Today I drove to Portland with TRC members in preparation for the First Robotics PNW regional which starts tomorrow and runs through Saturday. This year, due to a convergence of various conferences on the Portland area, we ended up having to stay at a different hotel, DoubleTree Portland – Lloyd Center. The Internet situation is somewhat less than ideal here. The DoubleTree offers free wifi, but only in the lobby. They have data jacks in the rooms, but they are decidedly non-free. A LOT of TRC members wanted to get online from their rooms, so Paul, Jonathan and I whipped up a combination of strategically placed access points, bridges and various oddments to share out my N95’s EDGE connection to everyone. It isn’t fast by any means, but it seems to be holding together and is giving everyone a chance to check their email, download various FIRST game manuals and last minute addenda.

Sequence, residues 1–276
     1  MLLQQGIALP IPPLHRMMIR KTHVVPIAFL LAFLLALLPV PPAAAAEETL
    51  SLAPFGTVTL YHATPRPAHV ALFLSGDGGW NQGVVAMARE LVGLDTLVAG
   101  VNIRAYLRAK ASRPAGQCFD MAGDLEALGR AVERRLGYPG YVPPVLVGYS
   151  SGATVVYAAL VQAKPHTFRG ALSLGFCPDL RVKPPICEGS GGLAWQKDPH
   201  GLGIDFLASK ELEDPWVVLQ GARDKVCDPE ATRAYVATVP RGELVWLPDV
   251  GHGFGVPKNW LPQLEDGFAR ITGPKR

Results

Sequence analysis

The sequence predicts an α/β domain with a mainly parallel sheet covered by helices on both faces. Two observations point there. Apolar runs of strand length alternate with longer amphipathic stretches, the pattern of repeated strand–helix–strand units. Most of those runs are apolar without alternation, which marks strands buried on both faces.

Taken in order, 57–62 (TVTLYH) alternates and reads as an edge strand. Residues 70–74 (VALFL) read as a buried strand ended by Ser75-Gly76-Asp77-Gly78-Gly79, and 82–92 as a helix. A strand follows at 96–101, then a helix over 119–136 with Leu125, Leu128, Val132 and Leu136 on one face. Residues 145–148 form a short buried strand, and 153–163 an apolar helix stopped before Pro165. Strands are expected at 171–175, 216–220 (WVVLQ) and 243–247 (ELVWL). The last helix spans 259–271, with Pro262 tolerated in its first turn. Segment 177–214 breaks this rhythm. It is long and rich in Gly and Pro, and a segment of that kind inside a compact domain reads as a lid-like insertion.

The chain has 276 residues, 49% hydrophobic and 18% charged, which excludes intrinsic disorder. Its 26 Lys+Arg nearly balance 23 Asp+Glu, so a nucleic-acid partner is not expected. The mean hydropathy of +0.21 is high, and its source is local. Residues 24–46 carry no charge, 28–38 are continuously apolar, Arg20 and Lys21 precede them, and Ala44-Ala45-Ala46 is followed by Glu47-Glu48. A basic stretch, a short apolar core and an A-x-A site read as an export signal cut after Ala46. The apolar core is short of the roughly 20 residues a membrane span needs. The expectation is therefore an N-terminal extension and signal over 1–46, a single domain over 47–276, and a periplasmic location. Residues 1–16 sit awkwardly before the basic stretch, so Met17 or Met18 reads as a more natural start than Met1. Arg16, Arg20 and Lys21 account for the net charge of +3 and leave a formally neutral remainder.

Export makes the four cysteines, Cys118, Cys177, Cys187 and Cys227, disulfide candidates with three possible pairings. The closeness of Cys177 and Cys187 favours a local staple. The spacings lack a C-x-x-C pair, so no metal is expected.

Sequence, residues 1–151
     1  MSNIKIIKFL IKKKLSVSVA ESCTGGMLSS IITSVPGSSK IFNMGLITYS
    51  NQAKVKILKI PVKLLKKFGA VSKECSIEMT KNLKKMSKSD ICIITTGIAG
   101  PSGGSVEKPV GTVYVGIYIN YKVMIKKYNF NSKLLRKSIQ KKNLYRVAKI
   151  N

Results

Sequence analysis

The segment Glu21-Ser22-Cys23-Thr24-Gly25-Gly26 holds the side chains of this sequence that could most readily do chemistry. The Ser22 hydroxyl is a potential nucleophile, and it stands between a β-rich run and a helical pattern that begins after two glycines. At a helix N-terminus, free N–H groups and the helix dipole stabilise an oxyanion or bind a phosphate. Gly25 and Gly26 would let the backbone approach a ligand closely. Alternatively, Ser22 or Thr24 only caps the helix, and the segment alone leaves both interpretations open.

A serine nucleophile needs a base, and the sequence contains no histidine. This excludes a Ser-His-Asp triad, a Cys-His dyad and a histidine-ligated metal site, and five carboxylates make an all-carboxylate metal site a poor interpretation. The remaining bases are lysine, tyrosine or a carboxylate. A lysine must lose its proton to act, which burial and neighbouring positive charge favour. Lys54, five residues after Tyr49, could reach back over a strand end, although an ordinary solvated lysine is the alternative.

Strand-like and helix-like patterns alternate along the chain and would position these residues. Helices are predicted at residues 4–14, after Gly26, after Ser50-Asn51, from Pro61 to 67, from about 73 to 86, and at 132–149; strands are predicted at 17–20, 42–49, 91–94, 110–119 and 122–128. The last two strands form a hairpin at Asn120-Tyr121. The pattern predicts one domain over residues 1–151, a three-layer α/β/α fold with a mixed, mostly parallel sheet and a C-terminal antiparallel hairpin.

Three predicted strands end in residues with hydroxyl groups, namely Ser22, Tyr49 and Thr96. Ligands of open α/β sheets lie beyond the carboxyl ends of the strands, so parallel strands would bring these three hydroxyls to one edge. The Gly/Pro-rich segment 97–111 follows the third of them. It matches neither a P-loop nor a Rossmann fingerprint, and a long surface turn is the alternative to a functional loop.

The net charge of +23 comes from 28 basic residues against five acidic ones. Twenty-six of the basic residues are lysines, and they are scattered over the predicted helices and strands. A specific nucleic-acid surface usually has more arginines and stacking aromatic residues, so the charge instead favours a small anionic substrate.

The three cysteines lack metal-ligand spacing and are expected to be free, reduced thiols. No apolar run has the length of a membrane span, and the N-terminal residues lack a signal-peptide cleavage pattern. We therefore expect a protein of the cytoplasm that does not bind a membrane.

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How did you spend your summer vacation?

Posted by Deliverator on 20th August 2007

DIY Segway Scooter!

A group of high schoolers who participate in FIRST got together this summer and built their own D.I.Y. Segway scooter! Many of the building blocks of their design are straight out of the annual kit of parts given to all FIRST teams. There is extensive documentation and source code available on their site (linked above) and they put out a hilarious spoof video about their exploits. Long live the Retro Encabulator!

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2nd Annual PNW MATE ROV Competition

Posted by Deliverator on 15th May 2007